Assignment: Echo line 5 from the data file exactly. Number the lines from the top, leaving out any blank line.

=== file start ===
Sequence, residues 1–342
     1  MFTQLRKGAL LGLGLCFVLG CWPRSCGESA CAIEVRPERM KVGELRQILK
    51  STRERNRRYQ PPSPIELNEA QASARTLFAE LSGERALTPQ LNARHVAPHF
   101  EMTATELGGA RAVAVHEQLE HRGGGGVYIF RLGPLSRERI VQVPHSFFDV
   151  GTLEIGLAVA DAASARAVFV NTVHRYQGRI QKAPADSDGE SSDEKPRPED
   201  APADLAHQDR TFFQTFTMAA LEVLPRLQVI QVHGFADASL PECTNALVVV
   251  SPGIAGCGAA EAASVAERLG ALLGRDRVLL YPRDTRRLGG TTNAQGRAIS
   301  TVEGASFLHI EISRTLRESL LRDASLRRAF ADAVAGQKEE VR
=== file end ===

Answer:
   151  GTLEIGLAVA DAASARAVFV NTVHRYQGRI QKAPADSDGE SSDEKPRPED